There were probably between 15 and 20 Penn State meteorology grads at the wedding, plus four faculty members, so this was a reunion of sorts. It was great to see everybody. Any other PSU meteo grads getting married soon? Actually...yes, in six weeks! I think the May 1st wedding will be a little more low key, however. I do not expect as many meteorology grads at the next wedding. That begs the question, will we ever see all these people in one place ever again? Probably not. Oh well...at least we have Facebook. (Actually, if you can believe it, there are still quite a few single men among the Penn State meteorology alumni. So, we might do it all it again in another two or three years.)

Speaking of the upcoming May 1st wedding (Kerrie and non-meteo Dan), I'm going to restart the "what time of day should a wedding start?" debate. Saturday's wedding began at 4:30 PM, and I think that's probably the standard these days. As a guest, that's fine, but as the groom, I think that would have been way too late. For one thing, what do you do all day leading up to the wedding? And when do you finally get to bed afterwards - 2 or 3 AM? Amber and I went straight to bed after we got back to Brookville following the wedding, but I have a feeling Vic and Lindsay did not go straight to bed afterwards. (They were opening everyone's presents, of course!) This is why I talked Amber into having a 2:00 PM wedding. The May 1st wedding, on the other hand, is at 10:30 AM. I didn't know they still had morning weddings! We're actually considering going all the way back home that same day. (We have to be back in town by 4:00 PM Sunday for curling, so it's either that, or leave State College very early in the morning and curl tired.)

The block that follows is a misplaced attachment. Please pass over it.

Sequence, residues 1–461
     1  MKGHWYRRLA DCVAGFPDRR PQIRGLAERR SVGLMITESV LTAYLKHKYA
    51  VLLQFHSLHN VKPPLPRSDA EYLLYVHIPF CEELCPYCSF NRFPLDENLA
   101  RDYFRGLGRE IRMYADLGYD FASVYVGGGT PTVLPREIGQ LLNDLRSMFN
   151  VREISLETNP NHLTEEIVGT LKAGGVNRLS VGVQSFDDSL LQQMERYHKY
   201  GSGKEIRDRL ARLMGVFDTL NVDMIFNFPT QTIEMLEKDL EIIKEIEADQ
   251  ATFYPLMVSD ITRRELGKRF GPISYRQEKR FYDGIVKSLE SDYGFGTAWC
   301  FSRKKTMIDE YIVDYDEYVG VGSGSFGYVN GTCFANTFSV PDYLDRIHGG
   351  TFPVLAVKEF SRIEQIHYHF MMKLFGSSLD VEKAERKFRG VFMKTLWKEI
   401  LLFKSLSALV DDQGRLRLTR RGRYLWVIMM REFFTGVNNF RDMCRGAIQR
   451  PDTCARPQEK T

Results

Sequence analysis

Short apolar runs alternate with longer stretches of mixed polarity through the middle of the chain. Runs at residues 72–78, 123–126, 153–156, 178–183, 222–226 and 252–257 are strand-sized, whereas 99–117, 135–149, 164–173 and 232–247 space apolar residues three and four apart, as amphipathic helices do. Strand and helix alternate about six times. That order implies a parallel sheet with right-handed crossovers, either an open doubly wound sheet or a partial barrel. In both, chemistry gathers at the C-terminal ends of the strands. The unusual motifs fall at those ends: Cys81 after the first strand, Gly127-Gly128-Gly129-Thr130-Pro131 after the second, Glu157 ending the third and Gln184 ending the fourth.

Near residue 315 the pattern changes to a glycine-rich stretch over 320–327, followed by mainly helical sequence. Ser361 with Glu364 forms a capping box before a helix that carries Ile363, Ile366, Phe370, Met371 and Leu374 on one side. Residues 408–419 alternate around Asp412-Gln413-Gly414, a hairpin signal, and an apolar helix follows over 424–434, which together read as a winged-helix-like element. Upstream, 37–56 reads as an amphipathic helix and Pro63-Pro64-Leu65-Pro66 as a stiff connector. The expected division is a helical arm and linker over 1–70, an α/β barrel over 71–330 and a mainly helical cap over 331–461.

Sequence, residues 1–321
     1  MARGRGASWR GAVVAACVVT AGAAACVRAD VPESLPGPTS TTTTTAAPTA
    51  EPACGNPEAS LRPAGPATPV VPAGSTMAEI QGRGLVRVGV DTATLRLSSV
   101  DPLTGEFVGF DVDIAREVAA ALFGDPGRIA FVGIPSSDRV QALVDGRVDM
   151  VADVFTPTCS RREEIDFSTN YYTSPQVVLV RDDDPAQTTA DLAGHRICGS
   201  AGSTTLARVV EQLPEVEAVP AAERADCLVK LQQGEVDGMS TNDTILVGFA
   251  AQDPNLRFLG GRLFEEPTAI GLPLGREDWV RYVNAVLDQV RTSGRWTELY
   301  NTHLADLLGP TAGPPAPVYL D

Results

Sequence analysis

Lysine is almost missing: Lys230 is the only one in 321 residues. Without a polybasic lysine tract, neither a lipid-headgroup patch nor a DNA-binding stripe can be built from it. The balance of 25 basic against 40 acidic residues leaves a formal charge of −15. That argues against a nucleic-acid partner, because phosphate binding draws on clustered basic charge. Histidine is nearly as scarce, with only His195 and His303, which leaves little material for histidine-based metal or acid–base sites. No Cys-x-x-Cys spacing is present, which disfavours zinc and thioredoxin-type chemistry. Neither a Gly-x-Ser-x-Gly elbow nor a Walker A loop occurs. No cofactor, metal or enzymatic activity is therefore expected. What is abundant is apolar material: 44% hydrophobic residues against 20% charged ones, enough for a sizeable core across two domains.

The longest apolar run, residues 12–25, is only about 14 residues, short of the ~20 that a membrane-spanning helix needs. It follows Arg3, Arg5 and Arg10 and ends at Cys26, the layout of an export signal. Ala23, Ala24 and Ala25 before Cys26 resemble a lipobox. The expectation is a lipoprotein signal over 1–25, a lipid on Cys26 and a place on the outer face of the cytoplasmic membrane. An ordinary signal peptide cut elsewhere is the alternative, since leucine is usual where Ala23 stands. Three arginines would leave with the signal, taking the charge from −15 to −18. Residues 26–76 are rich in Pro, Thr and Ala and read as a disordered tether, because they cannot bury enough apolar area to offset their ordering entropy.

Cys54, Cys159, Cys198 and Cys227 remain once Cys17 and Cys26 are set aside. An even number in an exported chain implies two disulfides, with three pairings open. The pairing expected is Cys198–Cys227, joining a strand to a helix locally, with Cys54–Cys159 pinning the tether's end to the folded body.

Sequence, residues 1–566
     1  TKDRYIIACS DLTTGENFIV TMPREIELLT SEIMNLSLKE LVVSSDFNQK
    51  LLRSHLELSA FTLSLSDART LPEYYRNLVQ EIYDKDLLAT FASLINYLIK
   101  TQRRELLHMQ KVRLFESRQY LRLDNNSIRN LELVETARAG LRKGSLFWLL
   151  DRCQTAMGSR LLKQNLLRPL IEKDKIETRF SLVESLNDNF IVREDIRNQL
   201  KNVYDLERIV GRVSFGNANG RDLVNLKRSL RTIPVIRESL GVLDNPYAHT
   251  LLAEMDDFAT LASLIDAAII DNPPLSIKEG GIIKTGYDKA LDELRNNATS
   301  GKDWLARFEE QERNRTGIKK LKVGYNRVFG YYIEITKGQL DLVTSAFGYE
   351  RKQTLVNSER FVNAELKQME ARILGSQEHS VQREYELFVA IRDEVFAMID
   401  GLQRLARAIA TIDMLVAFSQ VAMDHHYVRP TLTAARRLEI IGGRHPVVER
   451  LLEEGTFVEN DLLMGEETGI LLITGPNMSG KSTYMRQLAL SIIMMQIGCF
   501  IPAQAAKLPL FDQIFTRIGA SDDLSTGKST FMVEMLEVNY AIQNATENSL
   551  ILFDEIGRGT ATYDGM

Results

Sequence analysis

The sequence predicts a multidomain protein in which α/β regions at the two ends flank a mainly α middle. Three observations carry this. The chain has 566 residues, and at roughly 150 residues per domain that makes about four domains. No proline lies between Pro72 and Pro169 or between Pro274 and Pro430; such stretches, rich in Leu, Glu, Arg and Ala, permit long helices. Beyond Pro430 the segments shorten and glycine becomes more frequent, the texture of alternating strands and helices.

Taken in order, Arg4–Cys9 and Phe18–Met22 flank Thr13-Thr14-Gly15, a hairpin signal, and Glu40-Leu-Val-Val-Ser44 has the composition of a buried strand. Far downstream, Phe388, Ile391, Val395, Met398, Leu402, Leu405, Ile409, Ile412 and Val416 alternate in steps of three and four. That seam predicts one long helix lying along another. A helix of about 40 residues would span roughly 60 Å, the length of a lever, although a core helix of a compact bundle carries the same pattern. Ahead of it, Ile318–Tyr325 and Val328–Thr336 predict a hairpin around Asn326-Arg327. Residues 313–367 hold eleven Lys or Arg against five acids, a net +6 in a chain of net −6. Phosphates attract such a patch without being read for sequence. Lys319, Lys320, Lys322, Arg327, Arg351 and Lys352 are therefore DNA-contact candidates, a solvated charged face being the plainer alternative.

The original plan on Sunday was to head back around 10 or so, but...hey, given how often we're here (and how often other folks are here), why not get a quick game of disc golf in before we go? What are we going to do when we get home, anyway? So, we actually didn't leave town until around 12:30 PM.


(Road geek warning!) From the time when Amber lived in State College and I lived in Raleigh (Cary), I have a lot of experience driving from one to the other, and eventually came up with a fun and fast route. We went back to our "roots" and took the scenic route through Pennsylvania on our way back on Sunday. (Pictured above is PA-26 between Pine Grove Mills and Huntingdon.)

But in the three years since Amber joined me in NC, I-99 was completed all the way to State College. So, the "fun" route is no longer the fastest route. But that's fine, because while there are quite a few fun spots the drive through rural south central Pennsylvania, there was also quite a but of slow traffic. Our State College to Hagerstown, MD segment time was one of the slowest ever. I think we'll go back to I-99 next time. I-99 is scenic, too. As I've said before, I definitely took the scenery for granted when I lived there. I miss it. We should go to the mountains more often. Roanoke is only 2½ hours away!

So, that's that. Our next four multi-day road trips are:
- State College in six weeks (May 1st weekend)
- Toledo in ten weeks (Memorial Day weekend)
- Alaska in 14 weeks (June 24th through July 11th)
- Jacksonville in late July or early August? We have time to figure out when, exactly.